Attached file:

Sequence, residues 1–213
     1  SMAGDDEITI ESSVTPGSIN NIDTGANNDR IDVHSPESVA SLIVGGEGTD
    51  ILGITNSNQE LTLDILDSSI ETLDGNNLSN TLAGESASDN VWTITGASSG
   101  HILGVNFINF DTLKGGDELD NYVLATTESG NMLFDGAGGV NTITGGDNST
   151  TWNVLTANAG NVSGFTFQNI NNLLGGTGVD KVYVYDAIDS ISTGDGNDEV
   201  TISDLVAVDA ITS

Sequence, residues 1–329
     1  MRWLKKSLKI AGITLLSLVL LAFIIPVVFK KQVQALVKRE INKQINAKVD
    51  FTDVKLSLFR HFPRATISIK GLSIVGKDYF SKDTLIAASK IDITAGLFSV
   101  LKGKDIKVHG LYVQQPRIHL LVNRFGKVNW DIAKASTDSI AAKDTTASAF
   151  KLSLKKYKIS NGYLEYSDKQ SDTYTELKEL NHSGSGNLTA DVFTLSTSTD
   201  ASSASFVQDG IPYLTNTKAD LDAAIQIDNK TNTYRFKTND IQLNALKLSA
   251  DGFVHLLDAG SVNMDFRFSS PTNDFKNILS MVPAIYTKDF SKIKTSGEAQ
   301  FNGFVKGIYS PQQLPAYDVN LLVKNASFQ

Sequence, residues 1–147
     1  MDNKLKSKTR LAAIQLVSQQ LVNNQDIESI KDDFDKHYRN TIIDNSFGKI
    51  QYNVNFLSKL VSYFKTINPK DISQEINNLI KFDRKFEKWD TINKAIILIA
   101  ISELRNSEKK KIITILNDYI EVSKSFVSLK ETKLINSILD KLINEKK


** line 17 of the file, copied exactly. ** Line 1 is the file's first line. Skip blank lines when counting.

    51  QYNVNFLSKL VSYFKTINPK DISQEINNLI KFDRKFEKWD TINKAIILIA